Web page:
By Katy Koch Campbell
Guthrie County State Bank in Guthrie Center, Iowa, population 1,507, worked with TurnKey Associates in Waterloo, Iowa, for a year examining ways it could remodel and stay in place downtown. Instead, they turned over their space to city hall and moved to a lot they owned across the street and built entirely new. While it was important to blend in with a flat-front building, one goal was to create a completely energy- efficient building of high-insulated concrete. To enhance customer service a pod system was installed instead of a teller line. Fully accessible on all sides, a customer at the “cash bar” can look over transactions with a concierge while a cash recycler counts the money.
The barrier-free teller pod can take some getting used to. “It has taken some time for customers to understand as we have people that still just aren’t sure where they are supposed to stand when they come in,” said Berna Tucker with Heartland Community Bank in tiny Gowrie, Iowa, which added a teller pod in a remodel with TurnKey. “It has been interesting to watch this evolve.”
Security Trust & Savings Bank in Storm Lake, Iowa, population 10,773, kept its location as a family- owned bank dating back to 1908, but removed “way too many teller stations” with brass gates. Kirk Gross Co., Waterloo, Iowa, found a way to meet the owner’s request to repurpose the beautiful Italian marble of the existing counter in a contemporary look with curved fronts on a new reception desk beside the tellers. “We broke away from the rigid, original straight line and developed a scheme where we salvaged what marble we could, recut and framed it with wood trim to fasten onto the desk,” said Bob Zandi, KG’s director of architectural services.
Iowa State Savings Bank in Knoxville, Iowa, population 7,204, did a complete remodel of 7,000 square feet in its main location with TurnKey Associates. The 1903 bank on a downtown square includes two stories with apartments. It kept the traditional teller line but added work stations for loan processors, said Scott Voight, owner of TurnKey. “The bank is hiring people, and they are out of space. They’re filling every nook and cranny. A former file room that is not needed because of digital filing will soon be remodeled with employee work stations,” Voight said.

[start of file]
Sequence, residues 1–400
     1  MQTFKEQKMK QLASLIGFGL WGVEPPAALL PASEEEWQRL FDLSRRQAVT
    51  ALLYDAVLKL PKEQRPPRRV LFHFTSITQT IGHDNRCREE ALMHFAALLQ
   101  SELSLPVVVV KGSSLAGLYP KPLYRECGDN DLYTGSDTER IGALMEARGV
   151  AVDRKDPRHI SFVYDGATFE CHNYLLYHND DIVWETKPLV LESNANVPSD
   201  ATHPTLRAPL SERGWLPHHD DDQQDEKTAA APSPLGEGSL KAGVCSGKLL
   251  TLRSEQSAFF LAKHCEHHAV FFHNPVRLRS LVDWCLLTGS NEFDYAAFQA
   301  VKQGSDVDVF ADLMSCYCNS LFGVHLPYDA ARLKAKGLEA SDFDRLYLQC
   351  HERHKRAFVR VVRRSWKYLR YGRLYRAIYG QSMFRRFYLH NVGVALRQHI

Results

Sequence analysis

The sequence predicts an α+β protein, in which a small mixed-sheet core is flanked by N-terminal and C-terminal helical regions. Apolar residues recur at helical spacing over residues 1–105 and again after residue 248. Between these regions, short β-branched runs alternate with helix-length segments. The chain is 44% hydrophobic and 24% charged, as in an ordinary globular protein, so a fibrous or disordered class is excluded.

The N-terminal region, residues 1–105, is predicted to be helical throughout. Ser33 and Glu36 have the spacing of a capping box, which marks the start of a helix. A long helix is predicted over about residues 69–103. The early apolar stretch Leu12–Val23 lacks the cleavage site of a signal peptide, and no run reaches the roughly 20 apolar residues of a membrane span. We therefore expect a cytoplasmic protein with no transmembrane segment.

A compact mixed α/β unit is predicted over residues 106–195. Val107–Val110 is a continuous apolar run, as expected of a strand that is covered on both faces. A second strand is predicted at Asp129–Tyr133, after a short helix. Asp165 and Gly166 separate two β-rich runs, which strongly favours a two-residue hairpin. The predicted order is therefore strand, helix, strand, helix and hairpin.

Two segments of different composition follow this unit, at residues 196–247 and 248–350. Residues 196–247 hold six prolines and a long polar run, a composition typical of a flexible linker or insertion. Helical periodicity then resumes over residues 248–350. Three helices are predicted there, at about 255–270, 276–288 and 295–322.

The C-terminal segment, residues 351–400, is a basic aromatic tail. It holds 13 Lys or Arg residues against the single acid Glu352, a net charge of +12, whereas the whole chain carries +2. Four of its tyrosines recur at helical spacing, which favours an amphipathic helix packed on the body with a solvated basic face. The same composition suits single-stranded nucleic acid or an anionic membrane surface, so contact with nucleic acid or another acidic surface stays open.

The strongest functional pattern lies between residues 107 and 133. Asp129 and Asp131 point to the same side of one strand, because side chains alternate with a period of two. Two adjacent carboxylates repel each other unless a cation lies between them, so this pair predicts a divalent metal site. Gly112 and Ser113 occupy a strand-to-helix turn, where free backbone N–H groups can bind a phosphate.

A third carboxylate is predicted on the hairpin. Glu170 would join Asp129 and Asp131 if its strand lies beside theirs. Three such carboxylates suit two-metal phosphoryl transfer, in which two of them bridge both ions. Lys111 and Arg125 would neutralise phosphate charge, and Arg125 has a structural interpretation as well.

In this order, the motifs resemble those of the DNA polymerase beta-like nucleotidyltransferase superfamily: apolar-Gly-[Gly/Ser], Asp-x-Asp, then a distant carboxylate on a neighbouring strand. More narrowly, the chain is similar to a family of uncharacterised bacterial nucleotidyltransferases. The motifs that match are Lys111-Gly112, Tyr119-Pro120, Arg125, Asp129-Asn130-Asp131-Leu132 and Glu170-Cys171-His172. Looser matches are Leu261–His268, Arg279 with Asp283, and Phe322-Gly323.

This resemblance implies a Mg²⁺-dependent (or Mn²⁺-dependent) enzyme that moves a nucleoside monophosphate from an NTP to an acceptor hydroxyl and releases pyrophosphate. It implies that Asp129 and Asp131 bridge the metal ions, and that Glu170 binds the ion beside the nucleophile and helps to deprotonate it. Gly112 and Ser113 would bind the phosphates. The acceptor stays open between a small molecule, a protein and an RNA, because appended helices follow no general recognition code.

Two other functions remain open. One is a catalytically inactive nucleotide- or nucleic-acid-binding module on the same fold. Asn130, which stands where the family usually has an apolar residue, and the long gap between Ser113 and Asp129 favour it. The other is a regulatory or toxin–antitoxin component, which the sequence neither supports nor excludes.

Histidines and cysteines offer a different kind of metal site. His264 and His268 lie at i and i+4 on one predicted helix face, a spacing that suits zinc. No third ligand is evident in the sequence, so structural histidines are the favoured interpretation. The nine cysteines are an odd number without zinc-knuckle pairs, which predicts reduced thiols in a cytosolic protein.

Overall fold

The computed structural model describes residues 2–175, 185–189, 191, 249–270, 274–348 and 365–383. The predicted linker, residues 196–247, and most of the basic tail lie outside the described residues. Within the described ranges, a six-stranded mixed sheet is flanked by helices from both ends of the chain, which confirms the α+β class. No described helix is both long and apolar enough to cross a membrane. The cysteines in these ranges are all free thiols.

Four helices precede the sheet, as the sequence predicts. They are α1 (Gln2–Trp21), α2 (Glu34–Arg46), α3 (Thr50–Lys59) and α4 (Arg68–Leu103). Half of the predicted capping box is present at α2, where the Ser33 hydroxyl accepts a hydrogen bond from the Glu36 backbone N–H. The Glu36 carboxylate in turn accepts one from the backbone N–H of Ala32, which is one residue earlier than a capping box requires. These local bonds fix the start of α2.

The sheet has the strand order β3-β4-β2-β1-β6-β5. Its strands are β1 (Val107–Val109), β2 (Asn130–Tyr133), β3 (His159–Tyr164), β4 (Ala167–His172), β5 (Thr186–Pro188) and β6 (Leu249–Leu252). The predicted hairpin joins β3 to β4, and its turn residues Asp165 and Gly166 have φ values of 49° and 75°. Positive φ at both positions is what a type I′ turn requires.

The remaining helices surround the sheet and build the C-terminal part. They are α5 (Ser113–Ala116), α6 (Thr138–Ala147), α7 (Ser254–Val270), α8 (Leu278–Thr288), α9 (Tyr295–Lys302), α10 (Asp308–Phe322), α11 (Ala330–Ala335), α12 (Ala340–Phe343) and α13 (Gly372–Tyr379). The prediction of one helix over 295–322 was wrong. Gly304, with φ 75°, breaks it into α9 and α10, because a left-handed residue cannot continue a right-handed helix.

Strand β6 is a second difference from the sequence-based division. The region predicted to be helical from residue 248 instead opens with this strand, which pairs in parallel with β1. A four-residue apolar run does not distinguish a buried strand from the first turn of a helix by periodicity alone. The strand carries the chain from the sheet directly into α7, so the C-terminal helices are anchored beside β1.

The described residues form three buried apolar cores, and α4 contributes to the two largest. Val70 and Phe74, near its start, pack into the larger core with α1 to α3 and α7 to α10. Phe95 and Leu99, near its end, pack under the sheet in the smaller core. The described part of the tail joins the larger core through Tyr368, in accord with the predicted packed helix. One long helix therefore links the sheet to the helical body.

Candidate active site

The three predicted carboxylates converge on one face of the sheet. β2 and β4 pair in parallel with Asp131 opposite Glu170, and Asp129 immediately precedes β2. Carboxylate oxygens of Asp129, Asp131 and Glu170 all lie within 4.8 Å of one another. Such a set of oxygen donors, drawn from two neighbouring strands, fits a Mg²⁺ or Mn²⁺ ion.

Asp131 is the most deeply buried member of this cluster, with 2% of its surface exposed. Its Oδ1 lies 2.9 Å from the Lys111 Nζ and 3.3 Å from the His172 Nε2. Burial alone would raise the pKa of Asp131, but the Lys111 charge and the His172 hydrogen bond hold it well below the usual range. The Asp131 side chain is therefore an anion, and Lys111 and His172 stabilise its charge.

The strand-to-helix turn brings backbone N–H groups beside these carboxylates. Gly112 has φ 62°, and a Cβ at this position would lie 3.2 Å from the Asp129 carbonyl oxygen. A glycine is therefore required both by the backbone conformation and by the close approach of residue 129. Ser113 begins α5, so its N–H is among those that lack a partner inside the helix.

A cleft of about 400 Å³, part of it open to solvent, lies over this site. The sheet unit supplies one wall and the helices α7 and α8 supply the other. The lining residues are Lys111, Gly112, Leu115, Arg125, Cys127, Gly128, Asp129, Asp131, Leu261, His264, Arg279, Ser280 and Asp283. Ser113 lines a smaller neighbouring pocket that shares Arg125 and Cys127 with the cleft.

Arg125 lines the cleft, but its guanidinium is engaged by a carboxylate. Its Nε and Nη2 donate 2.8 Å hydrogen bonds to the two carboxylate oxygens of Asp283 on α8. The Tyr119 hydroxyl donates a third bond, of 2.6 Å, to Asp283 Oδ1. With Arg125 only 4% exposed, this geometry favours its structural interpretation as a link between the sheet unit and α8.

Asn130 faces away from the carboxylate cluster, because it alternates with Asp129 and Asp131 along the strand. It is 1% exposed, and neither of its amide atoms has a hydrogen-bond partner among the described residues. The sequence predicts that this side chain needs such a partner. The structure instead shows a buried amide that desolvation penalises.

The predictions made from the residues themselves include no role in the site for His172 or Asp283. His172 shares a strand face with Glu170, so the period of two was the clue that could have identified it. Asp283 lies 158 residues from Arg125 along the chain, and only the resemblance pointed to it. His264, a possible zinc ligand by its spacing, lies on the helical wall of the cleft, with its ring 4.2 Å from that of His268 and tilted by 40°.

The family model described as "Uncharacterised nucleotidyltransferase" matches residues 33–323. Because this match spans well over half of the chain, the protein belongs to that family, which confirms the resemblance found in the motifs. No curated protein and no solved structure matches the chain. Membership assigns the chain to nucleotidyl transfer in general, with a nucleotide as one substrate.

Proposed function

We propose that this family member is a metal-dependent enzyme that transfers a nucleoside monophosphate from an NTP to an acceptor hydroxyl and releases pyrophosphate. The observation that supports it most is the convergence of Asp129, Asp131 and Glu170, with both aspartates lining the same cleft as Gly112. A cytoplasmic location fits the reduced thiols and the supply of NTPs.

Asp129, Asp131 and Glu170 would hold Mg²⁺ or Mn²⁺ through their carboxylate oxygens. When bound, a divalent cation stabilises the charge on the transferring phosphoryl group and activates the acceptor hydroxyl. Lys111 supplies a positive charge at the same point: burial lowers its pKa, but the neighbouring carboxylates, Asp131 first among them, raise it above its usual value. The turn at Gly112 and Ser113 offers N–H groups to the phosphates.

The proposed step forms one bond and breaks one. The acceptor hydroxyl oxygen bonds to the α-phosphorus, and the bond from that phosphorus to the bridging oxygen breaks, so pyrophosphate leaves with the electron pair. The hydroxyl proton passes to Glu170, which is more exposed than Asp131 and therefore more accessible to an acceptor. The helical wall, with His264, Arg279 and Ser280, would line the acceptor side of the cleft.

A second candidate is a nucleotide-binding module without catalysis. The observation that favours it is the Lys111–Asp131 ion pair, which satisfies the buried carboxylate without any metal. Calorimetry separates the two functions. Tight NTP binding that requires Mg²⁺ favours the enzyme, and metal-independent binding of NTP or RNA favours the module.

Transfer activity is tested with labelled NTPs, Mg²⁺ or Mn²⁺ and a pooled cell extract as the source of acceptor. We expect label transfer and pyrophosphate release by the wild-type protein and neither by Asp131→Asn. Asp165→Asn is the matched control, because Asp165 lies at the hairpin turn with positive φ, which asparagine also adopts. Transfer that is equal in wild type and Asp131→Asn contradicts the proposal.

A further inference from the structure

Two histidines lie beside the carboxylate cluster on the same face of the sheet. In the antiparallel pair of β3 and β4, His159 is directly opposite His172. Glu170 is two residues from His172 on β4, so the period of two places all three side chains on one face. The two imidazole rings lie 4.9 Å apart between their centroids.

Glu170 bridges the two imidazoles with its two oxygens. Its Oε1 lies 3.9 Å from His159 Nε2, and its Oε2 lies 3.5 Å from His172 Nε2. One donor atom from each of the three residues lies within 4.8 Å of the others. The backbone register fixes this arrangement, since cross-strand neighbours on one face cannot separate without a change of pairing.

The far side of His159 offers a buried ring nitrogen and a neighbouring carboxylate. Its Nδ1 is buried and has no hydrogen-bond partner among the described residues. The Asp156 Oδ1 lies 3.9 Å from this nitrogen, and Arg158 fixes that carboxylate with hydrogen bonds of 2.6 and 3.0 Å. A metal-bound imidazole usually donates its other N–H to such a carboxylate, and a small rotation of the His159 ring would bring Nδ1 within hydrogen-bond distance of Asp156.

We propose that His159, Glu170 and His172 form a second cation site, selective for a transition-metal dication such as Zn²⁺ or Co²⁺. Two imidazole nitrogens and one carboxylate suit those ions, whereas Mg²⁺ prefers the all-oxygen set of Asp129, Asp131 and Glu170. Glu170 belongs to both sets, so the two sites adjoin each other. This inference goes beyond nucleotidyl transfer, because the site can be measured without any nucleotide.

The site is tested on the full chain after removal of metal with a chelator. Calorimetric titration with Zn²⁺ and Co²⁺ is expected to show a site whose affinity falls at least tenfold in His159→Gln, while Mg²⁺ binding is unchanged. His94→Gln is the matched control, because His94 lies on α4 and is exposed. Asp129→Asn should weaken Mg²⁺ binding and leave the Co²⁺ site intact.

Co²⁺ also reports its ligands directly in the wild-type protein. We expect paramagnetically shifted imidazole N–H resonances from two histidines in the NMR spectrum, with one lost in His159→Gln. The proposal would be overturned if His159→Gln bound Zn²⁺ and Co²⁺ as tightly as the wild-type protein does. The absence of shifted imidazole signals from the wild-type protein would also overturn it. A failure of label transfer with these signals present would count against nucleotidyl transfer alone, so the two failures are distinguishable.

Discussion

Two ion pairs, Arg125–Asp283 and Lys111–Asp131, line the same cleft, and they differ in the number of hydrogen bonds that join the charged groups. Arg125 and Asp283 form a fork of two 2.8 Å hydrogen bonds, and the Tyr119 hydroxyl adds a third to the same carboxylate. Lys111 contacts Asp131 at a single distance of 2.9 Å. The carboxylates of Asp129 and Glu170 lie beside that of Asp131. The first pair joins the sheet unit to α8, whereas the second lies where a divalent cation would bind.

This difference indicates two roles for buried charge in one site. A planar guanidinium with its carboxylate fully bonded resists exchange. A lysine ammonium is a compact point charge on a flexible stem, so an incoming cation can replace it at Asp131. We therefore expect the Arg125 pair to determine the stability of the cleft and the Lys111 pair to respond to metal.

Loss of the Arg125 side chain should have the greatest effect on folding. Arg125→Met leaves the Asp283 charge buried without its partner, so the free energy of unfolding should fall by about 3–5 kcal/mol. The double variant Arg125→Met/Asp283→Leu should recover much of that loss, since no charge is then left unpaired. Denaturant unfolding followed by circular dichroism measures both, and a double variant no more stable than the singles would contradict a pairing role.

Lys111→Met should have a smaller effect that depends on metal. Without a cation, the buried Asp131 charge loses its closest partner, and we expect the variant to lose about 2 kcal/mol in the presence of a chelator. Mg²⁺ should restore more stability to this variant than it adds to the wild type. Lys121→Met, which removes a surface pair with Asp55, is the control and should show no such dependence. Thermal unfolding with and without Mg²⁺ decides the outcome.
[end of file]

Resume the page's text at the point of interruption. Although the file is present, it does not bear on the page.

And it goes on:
When the project is a new build, established banks may think the best way to satisfy their traditional customers is by offering familiar heritage details in the welcoming new space.
“We are definitely not losing our core teller line. We’re constructing a kind of a combo ‘sit down, stand up’ type teller line in our new location. Our customers are pretty traditional,” said Anita Vogel Drentlaw, a fourth generation president of the family-owned New Market Bank in Elko New Market, Minn. The bank originated in 1905 as First State Bank of New Market in a simple white frame structure that was replaced by a brick building in 1913. Operations of the $110 million bank are housed at a larger facility in nearby Lakeville, and the bank is a tenant and anchor of a new retail center owned by a venture capital group. The project shell was designed by HTG Architects with construction by Vanman (both firms are based in Minneapolis).
“We’re looking at our own space marrying historic with new so there is not a loss of our heritage. We’re looking at tile that looks like wood instead of ceramic tile. We’re making sure the colors match with our logo, grays and blues and darker wood in the style of older buildings.” And, yes, there will be a living-room-style lobby with a fireplace, big screen TV and coffee service. “Customers like to come in and visit, having a space to be comfortable and do that,” Drentlaw said.
“It’s kind of bittersweet” to leave the original location, Drentlaw said, “but we needed more space.” The retail center offers a more visible profile, a drive-through (non- existent at the old building) and plenty of parking.